Friday, October 12, 2007

Diabetes Insulin Resistance of Pregnancy

One of the dominant metabolic effects of normal pregnancy is an increase in insulin resistance, probably induced by placental hormones including progesterone and placental lactogen. This leads to higher postprandial glucose concentrations that are considered to improve fetal growth; it is termed 'facilitated anabolism'. Fasting glucose concentrations decrease as a result of placental glucose transfer and in the later stages of pregnancy, there is also enhanced maternal lipolysis. This is considered to spare glucose for the fetus and is termed 'accelerated starvation'.

In genetically predisposed women, the normal insulin resistance of pregnancy may lead to the diagnosis of DM for the first time, termed 'gestational diabetes'. This may disappear within hours of giving birth depending on individual factors such as islet b-cell function and predisposing factors such as obesity. Women with pre-existing DM require higher doses of insulin during pregnancy and patients who are usually controlled using oral hypoglycemic agents are transferred to insulin at this time.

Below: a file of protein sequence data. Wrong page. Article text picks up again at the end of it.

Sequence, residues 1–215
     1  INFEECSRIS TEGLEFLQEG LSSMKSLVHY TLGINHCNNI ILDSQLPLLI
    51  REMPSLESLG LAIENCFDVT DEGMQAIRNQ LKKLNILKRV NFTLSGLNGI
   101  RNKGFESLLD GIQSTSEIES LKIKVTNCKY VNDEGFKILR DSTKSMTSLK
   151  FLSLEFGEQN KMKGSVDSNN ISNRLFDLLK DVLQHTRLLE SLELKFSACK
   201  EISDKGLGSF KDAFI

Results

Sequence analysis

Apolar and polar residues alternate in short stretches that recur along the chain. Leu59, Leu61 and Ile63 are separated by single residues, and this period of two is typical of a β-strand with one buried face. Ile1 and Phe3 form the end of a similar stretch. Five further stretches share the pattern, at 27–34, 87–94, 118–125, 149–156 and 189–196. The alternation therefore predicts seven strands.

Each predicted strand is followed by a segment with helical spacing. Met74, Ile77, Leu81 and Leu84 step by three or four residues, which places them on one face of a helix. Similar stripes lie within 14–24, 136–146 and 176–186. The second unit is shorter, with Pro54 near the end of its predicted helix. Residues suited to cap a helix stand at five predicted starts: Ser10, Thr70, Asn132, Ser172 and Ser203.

The effects of pregnancy-induced insulin resistance in women with DM lead to poorer control of blood glucose and also an increased likelihood of ketoacidosis. The hyperglycemia in early pregnancy has considerable effects on the development of the fetal pancreas. Maternal ketoacidosis leads to fetal loss.